Dushi is a Papamiento word meaning “sweet.” It is often used to describe the island (as in “Dushi Curacao”) We thought we’d check out more of what makes Curacao “sweet” on Wednesday. First, we hopped in our rental car and drove to the north side of the island near the airport to visit the Hato Caves, formed below sea level millions of years ago. The first inhabitants were the Arawak Indians, 1500 years ago. During Curacao’s slave days, escaped slaves would hide in the caves. Portions of the ceilings are still black from the smoke from their torches. The limestone caves have numerous stalactites and stalagmites, and also house a colony of over 300 long-nose fruit bats. Pictures were not allowed in most of the cavern (including where the bats hung over our heads), but we were allowed to take a few photos.
From there we drove another 30 kilometers along the northeast coast of Curacao to the Shete Boka National Park. Shete Boka means “seven inlets.” There are hiking trails to four of the inlets which we visited. Boka Tabla is the first. Here, large waves crash into an underground cavern which is easily accessed. Unfortunately, the waves were not all that impressive on this day, but it was still a cool cavern. We then hiked a small trail to Boka Kalki before hiking another to Boka Pistol. The incoming waves at Boca Pistol were fun to watch as they rush into the small inlet which has a circular cut in the rocks at its head. When a large wave comes into this round cut, it is shot up into the air as if it comes from a pistol. Lastly, we hiked over to Boka Wandomi to see the natural bridge. The park was a very beautiful place to spend an hour or two.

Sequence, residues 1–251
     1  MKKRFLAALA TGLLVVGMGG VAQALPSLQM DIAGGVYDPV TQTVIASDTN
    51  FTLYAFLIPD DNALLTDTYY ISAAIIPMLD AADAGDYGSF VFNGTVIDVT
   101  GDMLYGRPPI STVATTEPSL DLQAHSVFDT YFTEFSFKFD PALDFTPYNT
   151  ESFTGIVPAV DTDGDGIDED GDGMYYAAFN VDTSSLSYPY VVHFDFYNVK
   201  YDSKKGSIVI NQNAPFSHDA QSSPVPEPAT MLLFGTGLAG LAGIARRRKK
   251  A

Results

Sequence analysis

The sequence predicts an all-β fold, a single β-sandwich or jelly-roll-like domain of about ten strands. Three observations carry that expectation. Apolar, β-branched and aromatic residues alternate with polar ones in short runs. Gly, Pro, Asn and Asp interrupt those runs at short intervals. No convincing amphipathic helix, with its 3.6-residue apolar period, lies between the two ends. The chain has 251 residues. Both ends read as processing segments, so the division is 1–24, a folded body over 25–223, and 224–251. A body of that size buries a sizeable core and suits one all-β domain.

Lastly, we drove the short distance to the lee side of the island for a visit to Playa Kalki, a beach on the western tip of Curaco. We were at first unimpressed and a little disappointed. I had read it was a really nice beach, but the narrow strip of sand was quite rocky and our entrance into the waters was difficult due to the rocks. However, when Cindy decided to head back in for a little work on her tan while lounging on a beach chair, I donned my mask and snorkel and enjoyed a surprisingly nice thirty to forty-five minutes of communing with the fishes. In about eight to ten feet of water, I found an abundance of various fish species in beautiful clear water. There were numerous parrotfish, angelfish, snapper, tangs, and damselfish. We ended up having a great time, but I definitely wouldn’t recommend this beach as a swimming beach.
Since the afternoon was passing quickly, we decided to head back down the island to our marina. It took well over an hour to travel the twenty-five to thirty miles. The traffic is pretty horrible on Curacao. I think there are more cars than were intended when they designed the roads. But, our day was rewarding. We have one more day to play before preparing to leave for our next island adventure.